[Disclosure:  Salty Suburban Homestead is a participant in the Amazon Services LLC Associates Program, an affiliate advertising program designed to provide a means for sites to earn advertising fees by advertising and linking to amazon.com. We receive a small commission whenever a product is purchased through these links.  So if you decide to order anything thats recommended on the blog, we would LOVE it if you used the affiliated links. We thank you in advance for your support!]

Canning Sweet Pickle Relish and Bread and Butter Pickles

We planted 4 small cucumber plants in our garden this year.  Those 4 plants sure did produce a whole lot of cucumbers.  We had dozens and dozens of the those crunchy green guys.  What we couldn’t eat or give away we decided to preserve.  Since refrigerator pickles only last a month, and there are only so many pickles we can eat in a month, canning bread and butter pickles as well as relish was our best bet.

I used both the sweet pickle relish and bread and butter pickle recipes from Liana Krissoff’s Book Canning for a New Generation. I highly recommend this book if you really want to do some yummy canning, as well as Marisa McClellan’s Food in Jars.  If you do not have either of these books, I found some pretty comparable recipes for free on the internet: Sweet Pickle Relish and Bread and Butter Pickles.

I cannot wait the 4-6 weeks they take to cure to try them!

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Do you have a favorite pickle or relish recipe to share?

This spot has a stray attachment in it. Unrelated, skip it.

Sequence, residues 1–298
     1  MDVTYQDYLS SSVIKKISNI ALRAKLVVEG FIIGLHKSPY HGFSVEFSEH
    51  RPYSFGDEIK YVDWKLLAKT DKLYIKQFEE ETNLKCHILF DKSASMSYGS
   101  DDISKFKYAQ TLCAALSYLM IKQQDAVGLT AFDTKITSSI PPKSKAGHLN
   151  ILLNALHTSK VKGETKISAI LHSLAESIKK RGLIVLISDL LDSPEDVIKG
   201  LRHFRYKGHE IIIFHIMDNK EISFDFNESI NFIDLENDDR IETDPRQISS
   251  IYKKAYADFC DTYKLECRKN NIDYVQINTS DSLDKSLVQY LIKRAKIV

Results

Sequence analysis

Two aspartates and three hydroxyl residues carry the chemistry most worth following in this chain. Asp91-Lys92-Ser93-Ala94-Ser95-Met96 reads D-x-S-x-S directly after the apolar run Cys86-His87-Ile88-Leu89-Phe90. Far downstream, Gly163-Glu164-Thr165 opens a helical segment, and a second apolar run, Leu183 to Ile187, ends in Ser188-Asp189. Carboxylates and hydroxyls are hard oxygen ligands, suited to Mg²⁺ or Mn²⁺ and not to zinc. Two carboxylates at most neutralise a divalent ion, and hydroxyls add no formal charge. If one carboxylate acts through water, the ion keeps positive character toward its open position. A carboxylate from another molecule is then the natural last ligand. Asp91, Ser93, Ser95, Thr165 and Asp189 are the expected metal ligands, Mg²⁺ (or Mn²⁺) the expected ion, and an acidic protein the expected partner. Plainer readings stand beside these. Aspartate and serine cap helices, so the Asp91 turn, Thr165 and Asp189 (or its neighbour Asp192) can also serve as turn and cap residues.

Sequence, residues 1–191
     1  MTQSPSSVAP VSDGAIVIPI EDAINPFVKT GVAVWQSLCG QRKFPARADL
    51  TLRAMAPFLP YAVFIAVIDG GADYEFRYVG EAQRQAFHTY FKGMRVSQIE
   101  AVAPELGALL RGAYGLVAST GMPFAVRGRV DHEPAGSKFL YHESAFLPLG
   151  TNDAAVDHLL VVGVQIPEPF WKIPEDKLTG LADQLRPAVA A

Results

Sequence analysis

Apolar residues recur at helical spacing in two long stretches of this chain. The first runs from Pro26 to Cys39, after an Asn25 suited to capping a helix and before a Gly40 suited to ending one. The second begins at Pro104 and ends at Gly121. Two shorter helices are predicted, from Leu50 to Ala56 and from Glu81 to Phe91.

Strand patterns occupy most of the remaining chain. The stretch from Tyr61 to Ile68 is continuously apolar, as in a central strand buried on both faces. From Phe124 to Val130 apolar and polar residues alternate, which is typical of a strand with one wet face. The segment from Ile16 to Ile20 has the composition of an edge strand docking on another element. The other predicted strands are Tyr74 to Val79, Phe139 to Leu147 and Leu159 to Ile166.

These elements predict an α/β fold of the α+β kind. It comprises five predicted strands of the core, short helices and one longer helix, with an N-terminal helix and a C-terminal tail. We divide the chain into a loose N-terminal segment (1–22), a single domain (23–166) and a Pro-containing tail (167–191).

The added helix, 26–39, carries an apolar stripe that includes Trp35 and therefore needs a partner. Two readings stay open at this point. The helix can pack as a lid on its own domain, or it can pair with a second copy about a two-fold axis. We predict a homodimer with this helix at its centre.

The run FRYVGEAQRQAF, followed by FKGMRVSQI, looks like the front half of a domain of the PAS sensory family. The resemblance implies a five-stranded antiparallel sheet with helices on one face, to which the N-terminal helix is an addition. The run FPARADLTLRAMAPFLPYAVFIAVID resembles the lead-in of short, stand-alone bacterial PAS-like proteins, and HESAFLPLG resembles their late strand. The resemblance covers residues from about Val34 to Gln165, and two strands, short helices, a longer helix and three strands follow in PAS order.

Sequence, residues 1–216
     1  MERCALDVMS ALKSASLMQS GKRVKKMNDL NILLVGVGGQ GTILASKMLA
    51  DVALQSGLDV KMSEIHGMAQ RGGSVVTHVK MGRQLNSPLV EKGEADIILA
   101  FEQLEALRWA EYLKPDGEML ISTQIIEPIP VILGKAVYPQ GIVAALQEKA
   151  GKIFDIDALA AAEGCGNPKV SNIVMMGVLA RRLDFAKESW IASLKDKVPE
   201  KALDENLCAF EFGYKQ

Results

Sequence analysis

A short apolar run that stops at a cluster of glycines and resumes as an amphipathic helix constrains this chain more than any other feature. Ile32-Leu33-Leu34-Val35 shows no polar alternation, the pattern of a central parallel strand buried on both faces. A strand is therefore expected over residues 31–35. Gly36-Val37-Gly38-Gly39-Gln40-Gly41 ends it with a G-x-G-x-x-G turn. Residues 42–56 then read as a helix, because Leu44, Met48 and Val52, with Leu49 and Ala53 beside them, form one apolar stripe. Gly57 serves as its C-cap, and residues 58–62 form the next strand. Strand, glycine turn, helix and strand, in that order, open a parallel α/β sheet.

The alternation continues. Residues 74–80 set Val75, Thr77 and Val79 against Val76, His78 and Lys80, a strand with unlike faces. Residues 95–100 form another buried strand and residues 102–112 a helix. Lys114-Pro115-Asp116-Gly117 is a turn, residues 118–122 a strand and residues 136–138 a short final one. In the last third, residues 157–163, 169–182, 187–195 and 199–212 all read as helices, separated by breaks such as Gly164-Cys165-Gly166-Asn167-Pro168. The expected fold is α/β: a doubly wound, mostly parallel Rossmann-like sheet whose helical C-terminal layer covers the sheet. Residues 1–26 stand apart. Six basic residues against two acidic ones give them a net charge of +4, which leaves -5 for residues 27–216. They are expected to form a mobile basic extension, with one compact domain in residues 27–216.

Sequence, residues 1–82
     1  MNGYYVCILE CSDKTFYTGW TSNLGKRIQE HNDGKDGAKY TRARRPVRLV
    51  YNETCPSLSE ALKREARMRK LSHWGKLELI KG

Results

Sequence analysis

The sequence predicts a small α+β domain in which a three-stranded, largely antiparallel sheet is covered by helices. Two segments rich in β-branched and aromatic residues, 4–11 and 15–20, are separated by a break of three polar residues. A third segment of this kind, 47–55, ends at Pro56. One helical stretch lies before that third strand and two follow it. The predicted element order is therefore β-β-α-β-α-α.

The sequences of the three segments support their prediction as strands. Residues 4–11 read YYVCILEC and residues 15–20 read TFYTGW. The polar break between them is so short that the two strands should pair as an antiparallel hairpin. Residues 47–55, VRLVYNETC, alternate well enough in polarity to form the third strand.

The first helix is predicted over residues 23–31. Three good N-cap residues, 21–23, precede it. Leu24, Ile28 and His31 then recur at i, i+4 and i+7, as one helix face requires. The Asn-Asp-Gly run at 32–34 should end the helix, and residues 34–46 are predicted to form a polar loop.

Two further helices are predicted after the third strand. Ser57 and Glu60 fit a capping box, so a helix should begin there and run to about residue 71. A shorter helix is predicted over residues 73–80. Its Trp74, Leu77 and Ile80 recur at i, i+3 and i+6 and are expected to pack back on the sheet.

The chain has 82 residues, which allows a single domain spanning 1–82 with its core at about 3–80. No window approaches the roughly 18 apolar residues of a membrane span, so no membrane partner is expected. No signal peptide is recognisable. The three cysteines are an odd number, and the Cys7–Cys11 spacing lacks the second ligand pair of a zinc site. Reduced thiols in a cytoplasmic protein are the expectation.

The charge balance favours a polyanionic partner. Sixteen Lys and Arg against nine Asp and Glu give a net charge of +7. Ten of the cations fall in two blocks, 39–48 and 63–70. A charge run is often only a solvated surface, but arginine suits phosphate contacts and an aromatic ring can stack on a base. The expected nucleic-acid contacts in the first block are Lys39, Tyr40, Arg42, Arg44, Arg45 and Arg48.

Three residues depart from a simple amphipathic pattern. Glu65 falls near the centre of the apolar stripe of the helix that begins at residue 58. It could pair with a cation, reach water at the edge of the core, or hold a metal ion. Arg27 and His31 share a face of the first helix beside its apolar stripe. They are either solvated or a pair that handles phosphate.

[Disclosure: Salty Suburban Homestead is a participant in the Amazon Services LLC Associates Program, an affiliate advertising program designed to provide a means for sites to earn advertising fees by advertising and linking to amazon.com. We receive a small commission whenever a product is purchased through these links.  So if you decide to order anything that is recommended on the blog, we would LOVE it if you used the affiliated links. We thank you in advance for your support!]

Preserving the Summer Squash and Zucchini Harvest

Our summer squash harvest was UNBELIEVABLE this year.  We had an over abundance of the green and yellow squash cluttering our countertop for weeks, and still do. We also received a ton in our CSA.  This seems to be the norm.  Even if you do not have your own garden, I am sure family, friends and neighbors are practically begging you to take some off their hands.

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So, what to do with all this fresh and nutritious produce?  You can simply eat it now; sauté with olive oil and garlic, roast in the oven with other squash, make into pasta and toss with pesto or shred and use in muffins and breads.  Speaking of muffins, here are our favorite! YUM!